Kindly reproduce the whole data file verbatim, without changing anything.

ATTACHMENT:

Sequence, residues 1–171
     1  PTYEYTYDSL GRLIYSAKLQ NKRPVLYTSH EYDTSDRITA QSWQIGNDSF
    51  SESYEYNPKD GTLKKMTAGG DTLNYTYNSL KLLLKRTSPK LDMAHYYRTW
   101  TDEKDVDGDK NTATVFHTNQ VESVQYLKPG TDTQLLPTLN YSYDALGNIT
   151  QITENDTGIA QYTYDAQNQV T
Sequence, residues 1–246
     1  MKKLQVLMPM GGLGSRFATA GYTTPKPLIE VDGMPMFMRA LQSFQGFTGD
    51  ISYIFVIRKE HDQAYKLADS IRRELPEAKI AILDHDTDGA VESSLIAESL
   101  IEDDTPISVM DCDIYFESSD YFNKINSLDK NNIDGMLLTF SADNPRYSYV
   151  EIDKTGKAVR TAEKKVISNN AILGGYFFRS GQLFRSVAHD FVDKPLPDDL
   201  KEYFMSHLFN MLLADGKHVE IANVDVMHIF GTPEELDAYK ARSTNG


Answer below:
Sequence, residues 1–171
     1  PTYEYTYDSL GRLIYSAKLQ NKRPVLYTSH EYDTSDRITA QSWQIGNDSF
    51  SESYEYNPKD GTLKKMTAGG DTLNYTYNSL KLLLKRTSPK LDMAHYYRTW
   101  TDEKDVDGDK NTATVFHTNQ VESVQYLKPG TDTQLLPTLN YSYDALGNIT
   151  QITENDTGIA QYTYDAQNQV T
Sequence, residues 1–246
     1  MKKLQVLMPM GGLGSRFATA GYTTPKPLIE VDGMPMFMRA LQSFQGFTGD
    51  ISYIFVIRKE HDQAYKLADS IRRELPEAKI AILDHDTDGA VESSLIAESL
   101  IEDDTPISVM DCDIYFESSD YFNKINSLDK NNIDGMLLTF SADNPRYSYV
   151  EIDKTGKAVR TAEKKVISNN AILGGYFFRS GQLFRSVAHD FVDKPLPDDL
   201  KEYFMSHLFN MLLADGKHVE IANVDVMHIF GTPEELDAYK ARSTNG